Home Book Reviews 10 New Essential Spotting Books

10 New Essential Spotting Books

by Matt Falcus

As part of our series on improving your spotting productivity, here is a selection of new book titles that you shouldn’t be without. They offer productivity, fantastic reference, and lots of inspiration to take you forwards.

1. JP Airline Fleets 2012/13, BUCHair

If you don’t use a database, then in my opinion the best book you can buy for listing the fleets of airlines, government transport units, FBO’s and charter companies worldwide is JP Airline Fleets. This most recent update is available, and packed full of information, with handy tick boxes for you to mark off aircraft seen.
Buy from Amazon UK | Buy from Amazon USA

2. JP Bizjet & Tubroprops 2012, BUCHair
The full, authoritative register of biz jets, biz turboprops, and very light jets (VLJ’s) around the world. Listed by country and registration, with tick boxes for you to mark them off when seen. The best annual publication on the subject.
Buy from Amazon UK | Buy from Amazon USA 


3. abc Civil Aircraft Markings 2012, Ian Allan
The long-running annual series covering the full UK civil register of aircraft, including airliners, light aircraft, helicopters, microlights and gliders. It also lists the main fleets of airlines around the world. Has a notes section for you to mark off aircraft that you’ve seen.
Buy on Amazon UK | Buy on Amazon USA 


4. Eighties Ringway 1980-84 (Manchester Airport)
Part of the Ringway Through the Decades series. If you’re from the UK, chances are you spent time spotting at Manchester Airport in the past. It used to have excellent viewing terraces along the terminal roof, and many an exotic charter airline. This book has full movement logs for the decade, some fantastic photos, and lots of information about the airport. More for nostalgia than anything. A second volume, 1985-1989 is due soon.
Buy from Amazon UK | Buy from Amazon USA 

5. Wrecks & Relics, by Ken Ellis
This book, by Ken Ellis, has been fully updated for 2012 and lists stored, preserved, displayed and wrecked aircraft around the UK, and details of how to see them. Covers both civil and military aircraft. Perfect to have with you for reference on any journey.
Buy from Amazon UK | Buy from Amazon USA


6. Propliners of the World Part 1, and Part 2,  by Gerry Manning
Two large volumes covering propliners around the world, including a huge reference section on the DC-3, and sections on propliners in South America and Alaska.
Propliners 1: Buy from Amazon UK | Buy from Amazon USA
Propliners 2: Buy from Amazon UK | Buy from Amazon USA


7. Landing in Las Vegas: Commercial Aviation and the Making of a Tourist City, by Daniel K Bubb
When commercial flights first arrived in Las Vegas in the mid-1920s, they were carrying mail between Salt Lake City and Los Angeles. Las Vegas was an old railroad refueling stop and not much more. The mail planes just needed an airstrip and a place to refuel so they could be on their way again. When the airlines began to take paying passengers aboard, enterprising Las Vegans realized they could sell these visitors more than fuel and a few beers. Hotel resorts started going up, replacing the rougher hotels that were little more than saloons. The new hotels had restaurants, live music, swamp coolers (a kind of air conditioning), and slot machines. People began to make Las Vegas their destination rather than just an unavoidable overnight stop. Landing in Las Vegas is a short book at 124 pages of text and photos. There’s plenty of documentation, footnotes, and sources. In addition to an original interpretation of the rise of Las Vegas, Bubb includes many intriguing details, such as the story of the first woman passenger to arrive in Las Vegas by air and Senator Pat McCarran’s successes in getting federal funds for expanding the airport and establishing an Air Force base in Las Vegas.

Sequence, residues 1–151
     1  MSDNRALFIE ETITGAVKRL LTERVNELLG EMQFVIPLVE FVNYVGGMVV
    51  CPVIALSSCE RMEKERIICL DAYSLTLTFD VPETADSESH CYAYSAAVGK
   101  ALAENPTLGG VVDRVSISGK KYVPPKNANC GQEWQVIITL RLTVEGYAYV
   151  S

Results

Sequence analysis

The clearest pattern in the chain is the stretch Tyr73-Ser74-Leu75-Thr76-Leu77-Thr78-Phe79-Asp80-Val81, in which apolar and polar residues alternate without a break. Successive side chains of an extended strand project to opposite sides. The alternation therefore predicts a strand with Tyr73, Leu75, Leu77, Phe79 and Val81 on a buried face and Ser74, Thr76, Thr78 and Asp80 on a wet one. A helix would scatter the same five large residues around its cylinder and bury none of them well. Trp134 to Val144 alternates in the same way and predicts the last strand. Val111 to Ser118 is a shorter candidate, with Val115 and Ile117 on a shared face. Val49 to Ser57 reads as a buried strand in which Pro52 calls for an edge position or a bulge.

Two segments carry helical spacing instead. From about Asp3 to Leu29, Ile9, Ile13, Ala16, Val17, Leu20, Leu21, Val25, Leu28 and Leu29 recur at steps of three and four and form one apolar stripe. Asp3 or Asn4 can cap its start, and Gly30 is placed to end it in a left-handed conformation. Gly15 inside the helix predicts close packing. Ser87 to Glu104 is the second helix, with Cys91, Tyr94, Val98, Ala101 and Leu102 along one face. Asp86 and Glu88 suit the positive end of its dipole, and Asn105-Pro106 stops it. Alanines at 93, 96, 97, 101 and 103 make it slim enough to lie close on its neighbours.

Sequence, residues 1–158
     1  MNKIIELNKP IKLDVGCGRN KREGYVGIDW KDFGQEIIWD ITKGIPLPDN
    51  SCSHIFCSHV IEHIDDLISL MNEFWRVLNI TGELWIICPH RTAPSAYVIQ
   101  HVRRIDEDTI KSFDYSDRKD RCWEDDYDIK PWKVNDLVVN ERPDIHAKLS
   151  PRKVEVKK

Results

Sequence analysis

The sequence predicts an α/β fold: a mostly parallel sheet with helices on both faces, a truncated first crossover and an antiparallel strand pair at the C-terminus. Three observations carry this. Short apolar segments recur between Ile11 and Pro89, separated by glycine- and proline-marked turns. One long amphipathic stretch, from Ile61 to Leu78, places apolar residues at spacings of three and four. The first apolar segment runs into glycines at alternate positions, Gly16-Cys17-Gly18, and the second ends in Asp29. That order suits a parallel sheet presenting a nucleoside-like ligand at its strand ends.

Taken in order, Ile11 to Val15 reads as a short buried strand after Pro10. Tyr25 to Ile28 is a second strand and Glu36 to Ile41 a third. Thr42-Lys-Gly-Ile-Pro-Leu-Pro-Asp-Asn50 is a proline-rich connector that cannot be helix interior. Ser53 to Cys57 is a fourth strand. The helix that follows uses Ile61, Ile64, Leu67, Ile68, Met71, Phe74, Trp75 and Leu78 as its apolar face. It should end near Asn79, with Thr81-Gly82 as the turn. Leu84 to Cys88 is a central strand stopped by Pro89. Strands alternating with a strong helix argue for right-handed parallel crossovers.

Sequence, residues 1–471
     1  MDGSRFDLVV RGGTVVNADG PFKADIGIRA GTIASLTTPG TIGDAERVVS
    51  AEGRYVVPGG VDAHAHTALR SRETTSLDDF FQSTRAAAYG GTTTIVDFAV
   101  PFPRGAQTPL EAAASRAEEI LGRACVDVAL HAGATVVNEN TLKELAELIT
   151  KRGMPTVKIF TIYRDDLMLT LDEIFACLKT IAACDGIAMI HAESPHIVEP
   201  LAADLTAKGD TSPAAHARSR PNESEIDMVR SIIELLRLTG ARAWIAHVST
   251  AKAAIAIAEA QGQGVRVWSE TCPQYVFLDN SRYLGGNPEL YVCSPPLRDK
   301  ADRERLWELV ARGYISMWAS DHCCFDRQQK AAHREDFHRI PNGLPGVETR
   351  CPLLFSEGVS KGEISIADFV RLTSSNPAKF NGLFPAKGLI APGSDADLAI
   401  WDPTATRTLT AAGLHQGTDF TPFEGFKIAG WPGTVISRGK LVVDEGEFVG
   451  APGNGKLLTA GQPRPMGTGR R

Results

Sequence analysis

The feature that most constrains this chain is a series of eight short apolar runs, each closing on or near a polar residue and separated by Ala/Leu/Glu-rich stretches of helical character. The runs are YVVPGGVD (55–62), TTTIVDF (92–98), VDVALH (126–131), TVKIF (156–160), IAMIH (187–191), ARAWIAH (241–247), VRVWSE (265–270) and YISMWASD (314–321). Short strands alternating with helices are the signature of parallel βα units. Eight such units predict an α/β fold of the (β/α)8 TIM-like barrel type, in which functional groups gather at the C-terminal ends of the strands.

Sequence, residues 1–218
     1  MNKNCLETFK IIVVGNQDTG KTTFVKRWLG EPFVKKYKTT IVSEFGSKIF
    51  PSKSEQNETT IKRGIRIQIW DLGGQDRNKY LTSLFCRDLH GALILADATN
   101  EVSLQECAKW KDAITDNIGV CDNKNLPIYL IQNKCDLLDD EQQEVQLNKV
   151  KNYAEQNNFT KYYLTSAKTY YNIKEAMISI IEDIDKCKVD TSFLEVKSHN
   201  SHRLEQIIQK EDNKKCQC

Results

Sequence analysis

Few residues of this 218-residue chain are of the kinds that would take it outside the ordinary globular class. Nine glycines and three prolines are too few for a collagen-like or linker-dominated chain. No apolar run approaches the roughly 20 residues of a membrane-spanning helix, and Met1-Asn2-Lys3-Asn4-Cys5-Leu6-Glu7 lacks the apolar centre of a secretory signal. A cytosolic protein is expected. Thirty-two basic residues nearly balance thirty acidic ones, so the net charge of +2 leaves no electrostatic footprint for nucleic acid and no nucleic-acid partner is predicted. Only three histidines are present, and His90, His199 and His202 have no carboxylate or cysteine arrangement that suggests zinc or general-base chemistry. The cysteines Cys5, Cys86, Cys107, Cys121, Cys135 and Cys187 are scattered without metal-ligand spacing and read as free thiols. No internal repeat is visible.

Buy from Amazon UK | Buy from Amazon USA 

8. Above and Beyond: Inspiring Adventures into the Blue, by Heather McKeown
True and fascinating tales from the life of a flight attendant criss-crossing the globe. Heather McKeown welcomes you into the world of the airline service industry, and offers up hope to all who step onto the jetway. From stories of the sick and invalid, to those whose hopes and dreams are a flight away, you’ll see the world from a whole new perspective–from take-off to landing, and beyond.
Buy from Amazon UK | Buy from Amazon USA | Buy on Kindle 

9. China Airborne, by James Fallows
A fascinating account of China’s plans to rival America in the air, with aircraft manufacturing, huge airlines and route networks, and countless modern airports across the country. Fallows chronicles life in the city of Xi’an, home to 250,000 aerospace engineers and assembly-line workers, and introduces us to some of the hucksters, visionaries, entrepreneurs, and dreamers who seek to benefit from China’s pursuit of aeronautical supremacy.
Buy from Amazon UK | Buy from Amazon USA 

Learn to fly in 21 days10. Learn to Fly in 21 Days, by Phil Stone
Have you been putting off learning to fly? Maybe now’s the time to bite the bullet and go for it. Speaking from personal experience, I can tell you how rewarding and thrilling it is. This book claims to take you there in a very short period of time, and it’s cheap so why not give it a read?
Buy from Amazon UK | Buy from Amazon USA | Buy on Kindle

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